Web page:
Questioning the role of CT-scan in NSCLC post-surgery follow-up

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Published: 9 Sep 2017
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Prof Virginie Westeel - University of Franche-Comté, Besançon, France

Prof Westeel talks with ecancer at the ESMO 2017 Congress in Madrid about the results from the IFCT-0302 trial looking at the necessity of CT scans in NSCLC post-surgery follow-up. 

Results from the trial did not show a difference in overall survival (OS) between patients who received computed tomography (CT) scans as part of their follow-up, and those who did not. The findings suggest regular CT scans, which many guidelines recommend, may not be necessary.

Read the news story, watch the press conference or look at the slides for more.

ecancer's filming has been kindly supported by Amgen through the ECMS Foundation. ecancer is editorially independent and there is no influence over content.

The study I presented is the IFCT from the French Co-operative Thoracic Intergroup 0302 trial. It’s a randomised phase III multicentre trial which compared two follow-up programmes. Patients were randomly assigned to a minimal or maximal follow-up, that’s a complete resection for non-small cell lung cancer. Minimal follow-up consisted of clinic visits with history, physical examinations and chest X-rays. In the maximal follow-up arm patients also had chest CT scans and in the case of non-adenocarcinoma histology fibre-optic bronchoscopies.

What were some of the clinical outcomes of the comparison looking at median overall survival and benefits or risk going forwards?

The primary endpoint of the trial was overall survival and the study did show that there was no difference in overall survival between both arms, so with the addition of CT scan in the follow-up, with the three year survival rate of 77% in the minimal follow-up arm and 76% in the maximal follow-up arm.

Are there any long term differences?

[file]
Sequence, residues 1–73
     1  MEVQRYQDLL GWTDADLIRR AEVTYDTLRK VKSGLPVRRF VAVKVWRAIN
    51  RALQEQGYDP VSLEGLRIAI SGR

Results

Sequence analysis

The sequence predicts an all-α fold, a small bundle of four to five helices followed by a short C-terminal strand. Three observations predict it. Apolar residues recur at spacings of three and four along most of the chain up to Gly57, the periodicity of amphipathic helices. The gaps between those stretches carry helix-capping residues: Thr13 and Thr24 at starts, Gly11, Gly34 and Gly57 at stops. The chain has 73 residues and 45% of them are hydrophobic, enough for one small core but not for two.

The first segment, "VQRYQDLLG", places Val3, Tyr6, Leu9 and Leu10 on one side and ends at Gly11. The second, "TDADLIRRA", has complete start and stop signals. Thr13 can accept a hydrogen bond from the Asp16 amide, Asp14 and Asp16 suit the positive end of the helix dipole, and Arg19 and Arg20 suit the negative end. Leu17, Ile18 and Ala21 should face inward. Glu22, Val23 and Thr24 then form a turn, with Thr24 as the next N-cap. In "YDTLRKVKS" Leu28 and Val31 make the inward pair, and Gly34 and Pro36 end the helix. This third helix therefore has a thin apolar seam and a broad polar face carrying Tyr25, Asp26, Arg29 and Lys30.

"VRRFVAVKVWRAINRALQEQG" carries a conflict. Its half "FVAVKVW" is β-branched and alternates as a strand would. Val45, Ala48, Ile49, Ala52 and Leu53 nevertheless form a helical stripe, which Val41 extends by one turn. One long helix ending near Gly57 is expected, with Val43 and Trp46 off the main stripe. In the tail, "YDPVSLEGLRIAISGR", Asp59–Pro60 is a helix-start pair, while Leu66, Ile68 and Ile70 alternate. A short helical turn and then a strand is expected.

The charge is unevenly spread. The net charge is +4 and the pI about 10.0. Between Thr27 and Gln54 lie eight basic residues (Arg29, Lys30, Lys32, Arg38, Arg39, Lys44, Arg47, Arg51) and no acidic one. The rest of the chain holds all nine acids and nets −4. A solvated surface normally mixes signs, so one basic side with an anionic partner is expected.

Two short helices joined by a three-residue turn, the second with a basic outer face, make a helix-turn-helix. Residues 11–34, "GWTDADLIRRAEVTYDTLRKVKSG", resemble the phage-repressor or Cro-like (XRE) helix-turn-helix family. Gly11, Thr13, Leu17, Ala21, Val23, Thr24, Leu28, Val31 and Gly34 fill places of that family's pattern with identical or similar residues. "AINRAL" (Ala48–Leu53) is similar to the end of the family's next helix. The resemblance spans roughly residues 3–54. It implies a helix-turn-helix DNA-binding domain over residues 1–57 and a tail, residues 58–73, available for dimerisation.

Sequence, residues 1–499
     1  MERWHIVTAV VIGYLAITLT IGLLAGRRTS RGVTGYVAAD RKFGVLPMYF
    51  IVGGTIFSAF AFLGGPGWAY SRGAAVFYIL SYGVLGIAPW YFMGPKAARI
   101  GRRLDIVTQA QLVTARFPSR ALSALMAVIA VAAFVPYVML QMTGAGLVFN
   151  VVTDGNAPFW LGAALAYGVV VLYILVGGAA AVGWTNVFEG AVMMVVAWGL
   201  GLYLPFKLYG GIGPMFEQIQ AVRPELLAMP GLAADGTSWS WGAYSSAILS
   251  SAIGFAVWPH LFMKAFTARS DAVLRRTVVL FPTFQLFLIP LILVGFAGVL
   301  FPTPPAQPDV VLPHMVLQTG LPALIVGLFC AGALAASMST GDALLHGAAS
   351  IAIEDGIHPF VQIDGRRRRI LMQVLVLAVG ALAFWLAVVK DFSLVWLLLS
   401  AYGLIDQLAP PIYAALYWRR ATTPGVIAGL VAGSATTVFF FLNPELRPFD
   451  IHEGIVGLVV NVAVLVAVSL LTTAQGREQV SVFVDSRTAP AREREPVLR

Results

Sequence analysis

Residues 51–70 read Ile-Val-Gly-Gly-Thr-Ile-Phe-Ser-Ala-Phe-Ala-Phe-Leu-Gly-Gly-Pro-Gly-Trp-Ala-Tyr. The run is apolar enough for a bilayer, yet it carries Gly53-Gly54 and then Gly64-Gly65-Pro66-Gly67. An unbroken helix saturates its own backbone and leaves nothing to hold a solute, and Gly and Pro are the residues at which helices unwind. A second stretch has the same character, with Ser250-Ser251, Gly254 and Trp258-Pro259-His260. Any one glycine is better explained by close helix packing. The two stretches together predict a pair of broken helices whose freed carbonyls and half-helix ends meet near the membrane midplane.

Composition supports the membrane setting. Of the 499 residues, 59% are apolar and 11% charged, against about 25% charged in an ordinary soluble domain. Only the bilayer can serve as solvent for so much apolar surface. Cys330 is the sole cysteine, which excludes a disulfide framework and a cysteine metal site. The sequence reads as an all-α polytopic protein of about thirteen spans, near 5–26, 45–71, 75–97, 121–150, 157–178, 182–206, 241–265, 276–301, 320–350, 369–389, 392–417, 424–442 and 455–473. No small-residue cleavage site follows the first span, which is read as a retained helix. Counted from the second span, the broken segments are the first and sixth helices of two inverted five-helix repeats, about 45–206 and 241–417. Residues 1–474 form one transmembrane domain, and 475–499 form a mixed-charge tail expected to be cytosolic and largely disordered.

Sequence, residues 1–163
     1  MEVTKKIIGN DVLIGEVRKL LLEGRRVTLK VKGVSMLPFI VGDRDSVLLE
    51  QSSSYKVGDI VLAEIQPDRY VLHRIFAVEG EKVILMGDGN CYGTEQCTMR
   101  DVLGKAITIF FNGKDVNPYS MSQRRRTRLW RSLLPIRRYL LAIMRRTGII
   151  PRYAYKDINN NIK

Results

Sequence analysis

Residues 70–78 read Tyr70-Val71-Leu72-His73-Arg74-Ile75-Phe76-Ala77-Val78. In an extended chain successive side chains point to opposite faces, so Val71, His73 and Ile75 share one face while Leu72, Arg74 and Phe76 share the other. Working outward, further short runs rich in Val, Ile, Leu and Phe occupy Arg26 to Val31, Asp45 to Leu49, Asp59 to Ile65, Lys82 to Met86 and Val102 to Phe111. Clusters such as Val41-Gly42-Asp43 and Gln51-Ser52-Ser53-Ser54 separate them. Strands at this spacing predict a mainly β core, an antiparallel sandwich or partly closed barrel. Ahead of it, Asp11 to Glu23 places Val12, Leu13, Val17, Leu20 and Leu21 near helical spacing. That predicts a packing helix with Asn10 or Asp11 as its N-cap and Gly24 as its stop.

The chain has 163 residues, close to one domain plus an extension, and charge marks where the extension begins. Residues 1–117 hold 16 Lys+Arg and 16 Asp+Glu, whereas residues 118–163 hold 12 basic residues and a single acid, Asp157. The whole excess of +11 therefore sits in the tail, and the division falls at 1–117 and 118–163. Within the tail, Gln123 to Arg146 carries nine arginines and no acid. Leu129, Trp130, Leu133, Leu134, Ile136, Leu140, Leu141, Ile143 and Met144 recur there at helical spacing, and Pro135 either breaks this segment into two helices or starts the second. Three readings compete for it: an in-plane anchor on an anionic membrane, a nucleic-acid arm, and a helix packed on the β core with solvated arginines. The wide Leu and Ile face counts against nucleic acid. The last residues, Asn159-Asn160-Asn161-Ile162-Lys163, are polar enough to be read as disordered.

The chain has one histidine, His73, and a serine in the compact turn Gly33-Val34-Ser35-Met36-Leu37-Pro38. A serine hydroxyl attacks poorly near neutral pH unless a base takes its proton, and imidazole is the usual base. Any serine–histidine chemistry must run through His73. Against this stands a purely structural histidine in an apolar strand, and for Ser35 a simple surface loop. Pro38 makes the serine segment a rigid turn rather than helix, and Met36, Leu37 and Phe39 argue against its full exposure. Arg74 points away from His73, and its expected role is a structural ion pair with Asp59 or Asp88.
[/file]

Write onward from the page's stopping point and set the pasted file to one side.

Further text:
Yes, the curve. The later parts of the curves diverge so we did an exploratory analysis looking at the landmark analysis at two years. In patients who had disease recurrence at two years there was no difference in survival. However, in patients who had not developed a recurrence at two years CT scan based surveillance seemed to significantly improve survival. The reason why is probably because earlier detection of recurrences within the first two postoperative years did not translate into survival benefit because it reflects aggressive disease. However, beyond two years patients are more at risk of second primary cancer than recurrences and these second primary cancers might be more amenable to curative treatment and might benefit from CT scan detection.

When would you recommend screening?

Looking at the results of the trial we could say that both follow-ups are acceptable. However, doing CT scans every six months is probably of no value, it’s too frequent. Keeping long-term yearly CT scans might be of interest since there might be a benefit of survival over the long term.

Any final thoughts?

We will have more because we had several secondary endpoints including health-related quality of life, just to see whether patients were either reassured or anxious about their CT scans. Also a cost effectiveness analysis and the prognostic value of gene signatures that are currently being analysed.